Chlamydia psittaci (psittacosis)

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169 Chlamydia psittaci (psittacosis)

Alfred E. Bacon III

Chlamydia psittaci was identified simultaneously by three investigators in 1930. It is one of four species within the genus Chlamydia. Based on RNA sequencing, it is currently considered distinct from Chlamydia pneumoniae and C. trachomatis, despite phenotypic and physiologic similarities that have taxonomically bound them for many years. The organism is an obligate intracellular pathogen that contains both RNA and DNA but lacks a classic cell wall. These characteristics contribute to both the clinical manifestations and the determination of therapeutic options. C. psittaci has a wide range of host species, including birds, humans, and lower mammals. C. pneumoniae, however, is found only in humans and C. trachomatis only in humans and mice.

The systemic illness associated with Chlamydia psittaci has been termed psittacosis because of its association with parrots and psittacine birds. Subsequently, many avian species have been found to harbor C. psittaci and to transmit the organism to humans, causing disease. The term ornithosis would be more appropriate; however, it is not traditional. The organism can be carried for years in birds, remaining latent and causing disease many years after acquisition. Transmission to humans can occur even in the absence of disease in the bird. Excretion in the feces with aerosolization is the typical mode of transmission. Human-to-human transmission has been documented rarely and usually in the setting of severe disease. Healthcare workers have acquired the disease, but it is not felt warranted to isolate patients when hospitalized. Cases of mammal-to-human acquisition have been described in the setting of placental aeration at birth, but these cases are likely caused by the now separate species Chlamydophila abortus.

Individuals epidemiologically at risk for Chlamydia psittaci infection include abattoir and veterinary workers as well as those exposed to aviaries. Poultry breeders (particularly turkey farmers) are at significant risk, accounting for most outbreaks. A variable degree of illness exists in the birds infected with C. psittaci, ranging from asymptomatic to full-blown disease manifested by anorexia, dyspnea, and diarrhea. Birds may resolve the illness spontaneously, and a waxing and waning clinical course is not unusual. Therefore, a history of contact with birds is pertinent even if the bird is seemingly healthy. Up to 20% of patients may not recall bird exposure, but contact as innocuous as mowing a lawn or being exposed to airborne feces is adequate exposure. It remains a distinctly unusual cause of pneumonia with only four cases reported to the Centers for Disease Control and Prevention (CDC) in 2010, compared to an average of 16 cases per year in the preceding decade. New criteria for the diagnosis also contributed to this drop. Underreporting in the setting of accepted clinical criteria may play a role in this lack of recognition.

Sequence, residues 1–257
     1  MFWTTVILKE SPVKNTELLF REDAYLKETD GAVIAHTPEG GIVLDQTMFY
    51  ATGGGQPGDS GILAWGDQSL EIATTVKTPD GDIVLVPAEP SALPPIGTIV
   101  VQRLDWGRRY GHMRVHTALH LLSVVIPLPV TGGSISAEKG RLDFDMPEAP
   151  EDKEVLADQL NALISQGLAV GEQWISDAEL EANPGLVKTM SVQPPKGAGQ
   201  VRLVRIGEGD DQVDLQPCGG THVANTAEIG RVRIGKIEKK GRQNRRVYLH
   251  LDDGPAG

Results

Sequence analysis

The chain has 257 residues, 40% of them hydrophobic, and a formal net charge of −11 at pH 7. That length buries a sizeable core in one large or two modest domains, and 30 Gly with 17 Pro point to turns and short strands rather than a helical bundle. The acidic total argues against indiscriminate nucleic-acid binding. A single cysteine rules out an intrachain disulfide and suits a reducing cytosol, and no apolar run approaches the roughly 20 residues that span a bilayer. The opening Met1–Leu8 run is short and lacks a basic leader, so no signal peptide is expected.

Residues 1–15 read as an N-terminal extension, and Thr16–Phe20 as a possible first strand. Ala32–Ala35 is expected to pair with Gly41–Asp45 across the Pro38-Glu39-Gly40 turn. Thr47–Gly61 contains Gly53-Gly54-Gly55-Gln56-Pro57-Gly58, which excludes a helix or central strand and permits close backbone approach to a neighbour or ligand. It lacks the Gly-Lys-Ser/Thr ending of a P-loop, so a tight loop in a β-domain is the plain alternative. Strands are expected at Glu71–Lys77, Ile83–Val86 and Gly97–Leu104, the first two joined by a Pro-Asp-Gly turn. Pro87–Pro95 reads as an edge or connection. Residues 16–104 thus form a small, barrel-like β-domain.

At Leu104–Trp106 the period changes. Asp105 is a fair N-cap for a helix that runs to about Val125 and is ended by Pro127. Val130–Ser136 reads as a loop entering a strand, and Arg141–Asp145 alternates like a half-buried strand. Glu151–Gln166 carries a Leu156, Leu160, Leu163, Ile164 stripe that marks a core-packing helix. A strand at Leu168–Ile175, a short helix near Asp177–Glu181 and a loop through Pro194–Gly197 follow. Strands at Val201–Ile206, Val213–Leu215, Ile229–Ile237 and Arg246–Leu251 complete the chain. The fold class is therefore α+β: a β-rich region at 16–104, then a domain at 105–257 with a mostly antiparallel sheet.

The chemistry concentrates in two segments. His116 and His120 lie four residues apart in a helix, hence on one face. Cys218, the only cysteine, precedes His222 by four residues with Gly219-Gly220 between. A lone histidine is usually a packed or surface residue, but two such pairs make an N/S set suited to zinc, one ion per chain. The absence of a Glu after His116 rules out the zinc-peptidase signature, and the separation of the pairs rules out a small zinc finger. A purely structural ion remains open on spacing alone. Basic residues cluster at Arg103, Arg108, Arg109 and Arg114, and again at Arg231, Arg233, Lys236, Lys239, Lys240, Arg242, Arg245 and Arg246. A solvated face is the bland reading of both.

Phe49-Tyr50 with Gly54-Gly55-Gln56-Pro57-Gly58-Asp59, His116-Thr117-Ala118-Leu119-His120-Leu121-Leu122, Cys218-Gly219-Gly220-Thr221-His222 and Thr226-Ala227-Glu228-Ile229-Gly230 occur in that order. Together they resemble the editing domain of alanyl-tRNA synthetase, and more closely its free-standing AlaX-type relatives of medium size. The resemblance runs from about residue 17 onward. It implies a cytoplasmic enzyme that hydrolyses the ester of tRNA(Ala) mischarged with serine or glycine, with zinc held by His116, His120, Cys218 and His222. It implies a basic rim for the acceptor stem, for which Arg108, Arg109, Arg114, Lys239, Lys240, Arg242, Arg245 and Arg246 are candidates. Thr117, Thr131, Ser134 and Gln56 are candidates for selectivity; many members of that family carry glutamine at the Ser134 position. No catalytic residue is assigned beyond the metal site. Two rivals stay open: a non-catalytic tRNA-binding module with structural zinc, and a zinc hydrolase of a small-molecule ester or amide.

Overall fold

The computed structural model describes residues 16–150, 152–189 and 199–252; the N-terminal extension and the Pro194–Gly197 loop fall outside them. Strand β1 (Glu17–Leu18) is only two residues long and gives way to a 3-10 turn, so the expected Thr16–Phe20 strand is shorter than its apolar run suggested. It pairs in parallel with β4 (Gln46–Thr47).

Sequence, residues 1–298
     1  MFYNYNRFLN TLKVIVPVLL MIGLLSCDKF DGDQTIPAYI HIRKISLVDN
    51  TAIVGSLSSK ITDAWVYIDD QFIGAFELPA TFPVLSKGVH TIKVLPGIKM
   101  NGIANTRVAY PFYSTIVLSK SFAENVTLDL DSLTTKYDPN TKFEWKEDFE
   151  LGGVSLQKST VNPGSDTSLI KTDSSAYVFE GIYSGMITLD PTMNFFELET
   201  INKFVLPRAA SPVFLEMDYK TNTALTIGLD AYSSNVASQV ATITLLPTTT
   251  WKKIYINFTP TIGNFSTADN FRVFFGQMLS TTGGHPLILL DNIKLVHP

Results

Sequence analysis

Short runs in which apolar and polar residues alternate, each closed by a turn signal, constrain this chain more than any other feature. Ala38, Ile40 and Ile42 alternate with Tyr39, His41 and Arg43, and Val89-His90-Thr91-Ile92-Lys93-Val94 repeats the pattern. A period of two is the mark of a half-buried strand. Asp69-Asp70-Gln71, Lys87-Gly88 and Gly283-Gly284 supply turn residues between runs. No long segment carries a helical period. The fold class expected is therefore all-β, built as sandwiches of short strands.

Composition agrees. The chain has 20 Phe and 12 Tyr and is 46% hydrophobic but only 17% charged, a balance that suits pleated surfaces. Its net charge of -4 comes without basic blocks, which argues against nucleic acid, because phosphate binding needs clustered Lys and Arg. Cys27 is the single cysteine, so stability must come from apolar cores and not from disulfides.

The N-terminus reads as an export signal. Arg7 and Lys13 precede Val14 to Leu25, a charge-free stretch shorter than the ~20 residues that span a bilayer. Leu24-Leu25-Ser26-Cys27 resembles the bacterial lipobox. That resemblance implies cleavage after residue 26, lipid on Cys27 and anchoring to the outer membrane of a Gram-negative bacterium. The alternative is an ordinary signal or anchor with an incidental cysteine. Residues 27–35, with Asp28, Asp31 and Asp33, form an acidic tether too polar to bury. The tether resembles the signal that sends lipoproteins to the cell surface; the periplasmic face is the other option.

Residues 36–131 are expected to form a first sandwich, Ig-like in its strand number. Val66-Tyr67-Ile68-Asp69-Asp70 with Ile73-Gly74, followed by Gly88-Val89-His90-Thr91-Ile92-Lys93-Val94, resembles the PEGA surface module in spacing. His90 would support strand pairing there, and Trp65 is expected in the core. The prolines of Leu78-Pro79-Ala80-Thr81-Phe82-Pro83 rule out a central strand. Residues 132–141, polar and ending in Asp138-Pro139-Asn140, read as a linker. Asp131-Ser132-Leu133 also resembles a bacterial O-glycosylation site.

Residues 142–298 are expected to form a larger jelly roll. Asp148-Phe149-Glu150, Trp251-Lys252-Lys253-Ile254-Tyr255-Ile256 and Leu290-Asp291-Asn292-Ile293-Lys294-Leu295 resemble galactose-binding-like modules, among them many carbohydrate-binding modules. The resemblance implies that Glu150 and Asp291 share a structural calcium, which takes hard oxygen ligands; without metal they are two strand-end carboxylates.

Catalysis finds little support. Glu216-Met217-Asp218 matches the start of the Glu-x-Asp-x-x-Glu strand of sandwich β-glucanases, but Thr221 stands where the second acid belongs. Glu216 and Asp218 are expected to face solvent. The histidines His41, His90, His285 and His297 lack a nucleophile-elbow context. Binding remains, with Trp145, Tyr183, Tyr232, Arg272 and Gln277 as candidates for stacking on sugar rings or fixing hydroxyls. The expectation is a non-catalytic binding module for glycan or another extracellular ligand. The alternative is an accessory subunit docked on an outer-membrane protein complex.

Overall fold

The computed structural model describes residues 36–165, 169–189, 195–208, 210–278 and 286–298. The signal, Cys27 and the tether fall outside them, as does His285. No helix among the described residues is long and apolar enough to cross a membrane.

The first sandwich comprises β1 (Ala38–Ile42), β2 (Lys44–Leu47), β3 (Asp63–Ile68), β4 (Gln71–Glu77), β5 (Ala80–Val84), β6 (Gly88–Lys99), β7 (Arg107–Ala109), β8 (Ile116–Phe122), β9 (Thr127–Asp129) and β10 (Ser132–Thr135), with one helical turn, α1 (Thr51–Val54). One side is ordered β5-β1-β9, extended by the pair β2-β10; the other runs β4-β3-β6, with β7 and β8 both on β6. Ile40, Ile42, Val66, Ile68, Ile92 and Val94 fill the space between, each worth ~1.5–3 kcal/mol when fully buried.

Vigilance in the workplace and prevention in at-risk bird populations play an increasing role. Quarantine and treatment of imported birds is a mainstay.

Clinical syndromes

Following inhalation in aerosol form, the organism travels to the alveoli and then disseminates to regional lymph nodes and the reticuloendothelial system. Dissemination does not always occur, limiting disease to the chest. The organism invades and even multiplies successfully in a wide range of host cells, including macrophages and neutrophils. Multiple organ involvement is not uncommon, and the systemic nature of this disease cannot be overstated.

The classic presentation is one of an atypical pneumonia, although systemic infection in the absence of pneumonia has been well described as a typhoidal disease, even with cutaneous manifestations such as Horder’s spots. Cough is often a later clinical sign, preceded by fever, malaise, and often severe headache by a number of days. The presence of severe headache is felt to be a sentinel component of the disease. The incubation period ranges from 5 to 21 days, and in up to 20% of patients no history of exposure to a bird can be elicited. Diarrhea is very common.

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Jun 18, 2016 | Posted by in INFECTIOUS DISEASE | Comments Off on Chlamydia psittaci (psittacosis)
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